Written by Tim Sernett, Accounting & Finance Advisor for SMBs | Owner at Financial Optics Inc | Entrepreneurship enthusiast | Dad | Sports nut | Tuition paymaster

Why are business owners so focused on year-end financial statements?

It’s the one time of year all businesses think about closing the books and generating a clean set of financial statements.

As business owners, most of us toast in the New Year by thinking about what we accomplished the past year and what we hope to accomplish in the coming year.

A big part of that is the push to close the financial books on last year and to answer some questions, such as:

  • Did we reach our revenue goals for 2016?
  • How much profit did we generate?
  • What is our taxable income and how much income tax will we owe? (And the biggest question for some at this time of year: Do we have enough cash to cover the tax liability?)
  • Is the business generating positive cash flow?
  • Are we in a better financial position than we were a year ago?

So what’s the significance of year end?

It’s simply the calendar-driven thought process of measuring financial results. We all tend to think in time intervals driven by years, quarters, months.

In the small business world, I can tell you that year-end is the one time almost all business owners actually think about financial statements and financial results. A lot of that is driven by our income tax system and the need to be in compliance.

But are annual financial statements enough to measure the financial success and progress of your business?

No, they’re not. And producing the ‘accurate’ financial statements once a year to simply be in tax compliance just isn’t the right emphasis.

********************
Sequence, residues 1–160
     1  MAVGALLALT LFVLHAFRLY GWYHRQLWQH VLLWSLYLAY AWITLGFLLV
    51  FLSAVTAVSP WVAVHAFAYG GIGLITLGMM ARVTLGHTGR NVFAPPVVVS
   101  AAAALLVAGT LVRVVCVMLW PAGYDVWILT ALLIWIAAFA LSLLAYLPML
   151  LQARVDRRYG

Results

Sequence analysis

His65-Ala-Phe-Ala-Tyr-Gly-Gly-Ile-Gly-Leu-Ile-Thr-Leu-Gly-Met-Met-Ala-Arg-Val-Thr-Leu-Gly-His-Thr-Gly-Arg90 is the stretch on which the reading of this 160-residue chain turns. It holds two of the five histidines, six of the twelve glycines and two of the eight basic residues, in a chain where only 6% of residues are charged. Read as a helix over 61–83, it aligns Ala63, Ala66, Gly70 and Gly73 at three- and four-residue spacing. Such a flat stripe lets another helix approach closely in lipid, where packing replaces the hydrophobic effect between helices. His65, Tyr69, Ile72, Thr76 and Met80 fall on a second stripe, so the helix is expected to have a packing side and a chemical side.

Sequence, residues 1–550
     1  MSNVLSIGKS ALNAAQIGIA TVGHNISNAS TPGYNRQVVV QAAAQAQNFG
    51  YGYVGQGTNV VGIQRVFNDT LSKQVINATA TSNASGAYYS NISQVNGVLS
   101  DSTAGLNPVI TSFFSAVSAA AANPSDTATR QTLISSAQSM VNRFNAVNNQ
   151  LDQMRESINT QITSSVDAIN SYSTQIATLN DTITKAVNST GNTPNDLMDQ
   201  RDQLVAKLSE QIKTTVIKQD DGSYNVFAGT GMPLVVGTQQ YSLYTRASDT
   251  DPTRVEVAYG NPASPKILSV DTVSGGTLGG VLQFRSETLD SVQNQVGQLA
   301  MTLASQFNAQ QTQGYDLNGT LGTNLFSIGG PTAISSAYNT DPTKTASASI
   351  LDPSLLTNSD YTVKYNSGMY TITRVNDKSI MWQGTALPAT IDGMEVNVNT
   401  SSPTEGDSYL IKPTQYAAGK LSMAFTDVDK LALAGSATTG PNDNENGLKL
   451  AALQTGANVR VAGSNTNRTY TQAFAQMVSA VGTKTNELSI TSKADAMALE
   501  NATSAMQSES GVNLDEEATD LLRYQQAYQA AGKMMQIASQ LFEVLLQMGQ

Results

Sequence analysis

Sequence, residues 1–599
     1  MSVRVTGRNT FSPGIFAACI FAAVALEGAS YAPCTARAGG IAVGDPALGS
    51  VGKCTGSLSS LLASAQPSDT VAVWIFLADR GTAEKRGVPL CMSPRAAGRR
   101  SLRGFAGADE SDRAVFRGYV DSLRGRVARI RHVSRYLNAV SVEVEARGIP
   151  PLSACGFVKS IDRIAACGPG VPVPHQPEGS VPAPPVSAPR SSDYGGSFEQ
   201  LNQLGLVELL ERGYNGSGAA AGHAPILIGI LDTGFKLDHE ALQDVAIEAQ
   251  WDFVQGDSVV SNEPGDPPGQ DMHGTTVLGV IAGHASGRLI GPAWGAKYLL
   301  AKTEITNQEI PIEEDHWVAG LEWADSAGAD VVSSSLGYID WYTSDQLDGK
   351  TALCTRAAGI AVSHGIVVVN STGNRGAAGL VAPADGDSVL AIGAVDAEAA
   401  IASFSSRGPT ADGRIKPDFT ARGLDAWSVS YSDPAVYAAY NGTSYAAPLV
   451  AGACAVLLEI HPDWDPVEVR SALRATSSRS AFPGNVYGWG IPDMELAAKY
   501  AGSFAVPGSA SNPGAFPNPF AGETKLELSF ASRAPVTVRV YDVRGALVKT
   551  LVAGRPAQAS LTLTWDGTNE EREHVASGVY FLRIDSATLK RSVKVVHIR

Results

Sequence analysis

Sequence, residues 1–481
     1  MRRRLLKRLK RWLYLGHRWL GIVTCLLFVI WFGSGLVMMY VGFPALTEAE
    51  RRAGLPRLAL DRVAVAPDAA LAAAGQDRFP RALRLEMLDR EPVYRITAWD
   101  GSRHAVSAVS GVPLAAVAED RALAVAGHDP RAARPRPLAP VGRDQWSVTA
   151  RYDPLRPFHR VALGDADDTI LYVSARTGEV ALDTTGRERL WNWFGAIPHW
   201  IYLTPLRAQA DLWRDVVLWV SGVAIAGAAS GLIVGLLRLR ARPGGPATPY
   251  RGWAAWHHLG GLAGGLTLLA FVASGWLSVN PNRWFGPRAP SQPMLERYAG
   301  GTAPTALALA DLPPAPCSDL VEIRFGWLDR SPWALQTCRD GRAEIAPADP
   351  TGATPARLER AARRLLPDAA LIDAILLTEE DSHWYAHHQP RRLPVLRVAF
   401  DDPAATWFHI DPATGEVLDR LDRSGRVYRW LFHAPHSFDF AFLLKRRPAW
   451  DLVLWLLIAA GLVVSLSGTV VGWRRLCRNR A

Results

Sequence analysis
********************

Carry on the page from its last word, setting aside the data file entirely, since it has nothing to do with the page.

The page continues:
I have to admit, though, I use the tax compliance motivation to get cooperation from some of our clients to finally get closure on some financial details that we may have been asking about for months.  😉

Sound financial management of your business can’t happen if year-end is the only time of year there’s an emphasis on producing complete, accurate and clean financial statements.

But how often is enough? In my opinion, as soon as your business becomes more than a solopreneur, you should be generating monthly financial reports. If you have a team of more than five people, some financial results should be reviewed weekly.

Let’s take a look at the questions asked above, but broken down further into monthly results:

  • Did we reach our revenue goals for last month?
  • How much profit did we generate last month?
  • Were we positive cash flow last month?
  • What is our tax liability on year-to-date results?
  • Are we in a better financial position than we were a month ago and at this time a year ago?

Those are just a few of the high-level questions to be analyzed monthly, with deeper analysis specific to your industry and business size. Additionally, if you have a sound bookkeeping and accounting system in place, whether outsourced or internally, weekly analysis shouldn’t be out of the question.

Closing the books on the year shouldn’t actually be a big deal.

With good systems in place, closing the books on the year shouldn’t be much more effort than closing the books on any given month. Sound financial management of your business requires monthly and weekly analysis.

So it’s time to get onboard…because once a year doesn’t cut it.

Thank you for taking the time to read the Financial Optics blog! If you have any questions about this post or any other questions, give us a call at 913.649.1040.